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SINGAPORE — It has become more difficult for member states of the Association of South-east Asian Nations (Asean) to reach consensus on issues, and it is important for them to continue to strike a balance between national and regional interests, said Ambassador at Large Bilahari Kausikan.

Noting that the greatest challenge to the regional grouping is from its internal dynamics, Mr Kausikan said the domestic politics of several Asean members have become more complicated, and this has in turn made their calculations of national interests more complex.

 

“With expansion, it has become more difficult to reach consensus. The Asean way has become more rigid. Not every new member has internalised the need to balance between national and regional interests,” he said at the Asean Roundtable 2017 organised by ISEAS - Yusof Ishak Institute.

Mr Kausikan was one of the panelist at the discussion held in conjunction with Asean 50th anniversary this year where he talked about Asean centrality and its implications in the region.

He cited how Cambodia, as Asean chairman in 2012, had prevented the grouping’s foreign ministers from issuing a joint communique for the first time in its history as the most “egregious example of the disregard of regional interest” by an Asean member.

Many believe Cambodia had done so because its ally China did not want Asean to be over critical over its actions in staking claims to the South China Sea.

After the incident, Asean has maintained a minimal consensus on South China Sea that does not entirely satisfy the United States, China or all member states, Mr Kausikan noted.

The South China Sea issue was one of the two examples that the former Permanent Secretary of the Foreign Affairs Ministry gave of attempts by major powers to capture the grouping without success.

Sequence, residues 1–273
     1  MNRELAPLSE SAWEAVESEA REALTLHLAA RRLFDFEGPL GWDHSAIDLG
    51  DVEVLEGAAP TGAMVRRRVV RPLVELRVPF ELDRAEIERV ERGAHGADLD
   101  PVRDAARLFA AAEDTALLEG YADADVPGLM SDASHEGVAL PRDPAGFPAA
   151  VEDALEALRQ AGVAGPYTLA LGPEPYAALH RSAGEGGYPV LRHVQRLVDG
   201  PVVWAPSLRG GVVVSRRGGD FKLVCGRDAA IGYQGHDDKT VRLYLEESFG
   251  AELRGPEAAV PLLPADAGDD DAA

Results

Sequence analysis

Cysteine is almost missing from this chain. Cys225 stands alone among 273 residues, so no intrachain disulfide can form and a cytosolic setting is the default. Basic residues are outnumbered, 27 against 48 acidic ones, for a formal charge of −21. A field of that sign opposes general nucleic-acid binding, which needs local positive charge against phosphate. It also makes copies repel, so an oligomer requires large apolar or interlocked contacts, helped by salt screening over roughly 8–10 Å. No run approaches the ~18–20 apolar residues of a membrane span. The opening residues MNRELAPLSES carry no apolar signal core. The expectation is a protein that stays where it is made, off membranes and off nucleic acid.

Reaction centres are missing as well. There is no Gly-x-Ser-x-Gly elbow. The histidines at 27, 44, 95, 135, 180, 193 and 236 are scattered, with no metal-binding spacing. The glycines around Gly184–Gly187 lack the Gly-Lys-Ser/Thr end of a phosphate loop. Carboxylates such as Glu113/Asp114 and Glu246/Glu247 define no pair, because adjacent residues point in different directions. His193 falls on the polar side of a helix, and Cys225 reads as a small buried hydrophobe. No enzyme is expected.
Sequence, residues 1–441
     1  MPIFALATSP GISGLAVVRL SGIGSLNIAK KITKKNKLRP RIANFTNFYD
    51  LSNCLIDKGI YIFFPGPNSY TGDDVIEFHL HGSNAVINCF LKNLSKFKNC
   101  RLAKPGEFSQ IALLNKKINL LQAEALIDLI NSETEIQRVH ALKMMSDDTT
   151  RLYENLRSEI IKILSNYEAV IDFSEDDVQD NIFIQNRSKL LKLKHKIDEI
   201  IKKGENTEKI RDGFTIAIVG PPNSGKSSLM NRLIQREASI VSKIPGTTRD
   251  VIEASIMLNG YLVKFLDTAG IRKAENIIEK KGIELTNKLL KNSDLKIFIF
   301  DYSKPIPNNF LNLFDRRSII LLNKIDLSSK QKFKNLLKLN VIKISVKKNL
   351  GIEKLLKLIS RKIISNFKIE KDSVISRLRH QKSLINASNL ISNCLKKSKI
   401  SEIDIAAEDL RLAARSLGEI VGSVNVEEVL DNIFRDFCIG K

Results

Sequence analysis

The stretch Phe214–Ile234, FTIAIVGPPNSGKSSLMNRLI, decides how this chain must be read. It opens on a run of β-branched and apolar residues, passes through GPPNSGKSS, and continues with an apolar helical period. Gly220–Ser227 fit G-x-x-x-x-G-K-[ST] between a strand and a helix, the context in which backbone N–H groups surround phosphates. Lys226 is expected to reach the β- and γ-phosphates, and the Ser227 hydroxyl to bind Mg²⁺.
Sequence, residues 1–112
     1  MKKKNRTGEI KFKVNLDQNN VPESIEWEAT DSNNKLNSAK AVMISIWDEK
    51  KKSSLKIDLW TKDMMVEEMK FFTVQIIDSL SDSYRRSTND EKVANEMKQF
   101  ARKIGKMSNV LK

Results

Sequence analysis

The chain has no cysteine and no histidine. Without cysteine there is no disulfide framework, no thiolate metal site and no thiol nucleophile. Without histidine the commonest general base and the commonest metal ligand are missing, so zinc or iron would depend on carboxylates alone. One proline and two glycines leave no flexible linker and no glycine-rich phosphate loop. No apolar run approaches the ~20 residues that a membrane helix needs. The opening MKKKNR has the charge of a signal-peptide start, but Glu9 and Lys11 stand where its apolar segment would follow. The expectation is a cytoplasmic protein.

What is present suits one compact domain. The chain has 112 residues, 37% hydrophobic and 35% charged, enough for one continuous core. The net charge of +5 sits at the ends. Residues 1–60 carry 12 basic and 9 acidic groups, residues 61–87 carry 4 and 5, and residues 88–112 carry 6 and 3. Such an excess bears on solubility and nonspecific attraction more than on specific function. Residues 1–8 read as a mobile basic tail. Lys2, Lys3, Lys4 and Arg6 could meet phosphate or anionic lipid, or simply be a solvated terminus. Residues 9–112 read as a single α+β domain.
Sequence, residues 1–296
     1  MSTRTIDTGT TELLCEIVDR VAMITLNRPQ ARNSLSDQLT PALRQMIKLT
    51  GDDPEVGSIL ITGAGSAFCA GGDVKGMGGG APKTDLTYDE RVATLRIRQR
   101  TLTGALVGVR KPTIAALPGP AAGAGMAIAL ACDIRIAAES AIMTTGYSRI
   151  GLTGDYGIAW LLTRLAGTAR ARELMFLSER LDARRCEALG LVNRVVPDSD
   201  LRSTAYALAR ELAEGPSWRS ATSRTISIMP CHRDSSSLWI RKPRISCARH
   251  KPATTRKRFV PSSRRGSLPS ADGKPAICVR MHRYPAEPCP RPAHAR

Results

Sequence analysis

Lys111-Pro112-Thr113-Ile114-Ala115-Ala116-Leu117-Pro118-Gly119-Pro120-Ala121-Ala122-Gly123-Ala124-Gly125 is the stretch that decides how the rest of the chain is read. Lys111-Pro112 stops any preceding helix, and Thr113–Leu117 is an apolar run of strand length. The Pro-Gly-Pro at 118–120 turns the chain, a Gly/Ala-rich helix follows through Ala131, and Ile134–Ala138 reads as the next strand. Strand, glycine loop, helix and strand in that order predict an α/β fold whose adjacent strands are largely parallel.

The other was on member state Myanmar, where Western powers repeatedly tried to pressure or persuade Asean to adopt their approach towards the then military-ruled country.

Some Asean members were tempted to adopt at least some elements of the Western approach but failed to command consensus, he said.

“So, the very diversity of the national interests of member states make Asean difficult to capture in its entirety and that’s why incoherence is not always a bad thing. Paradoxically the limitations to Asean centrality keeps Asean central — at least minimally autonomous,” he added.

“Throughout its history Asean has frustrated all major powers in continually slipped from their grasp. Asean does not always get its way but neither have the major powers can entirely have their way either.”

Still, major powers consider Asean central not because of its strategic weight but because its relative strategic weakness makes it “an occasionally useful instrument to advance their national interests”, he noted.

“Asean suits the interests of the major powers. I do not think any major powers want to destroy or divide Asean.”

The biggest test for Asean will therefore be its ability to manage relations among its members.

“If you can’t manage relations among members, you certainly am not going to be central in any sense,” he said.

“Asean centrality is not one thing but many things. Centrality is a subtle shape-shifting concept, capable of continual adaptation. Asean can and will lose centrality only if we lose confidence in our own agency to make painful and difficult adjustments that will continue to be necessary.”

Also at the same forum, Dr Hoang Anh Tuan, the Vietnamese ambassador to Indonesia said Asean consensus and centrality go hand in hand.

“Asean consensus is crucial for centrality and vice-versa. Without centrality, Asean cannot maintain its consensus,” he said.

Citing the various claims to the South China Sea as an example, Dr Hoang said the issue affects regional security, stability and interests of various stakeholders.

“If Asean cannot maintain its unity and consensus, the grouping will be divided, weakened and gradually lose its centrality,” he said.

Speaking later in the day in a separate session at the forum, Malaysia’s former Minister for Foreign Affairs Syed Hamid Albar said that as Asean marked its 50th anniversary this year, it was time to relook its policy of non-interference in the internal affairs of other members.

“There is no way we can stick to the question of non-interference. We must look at what’s the collective interest, so I would like to revisit the (Asean) Charter,” he said in reference to the grouping’s institutional framework.

“Let’s us discuss. We do not want to interefere but there must be areas we can discuss to come to a better understanding.”


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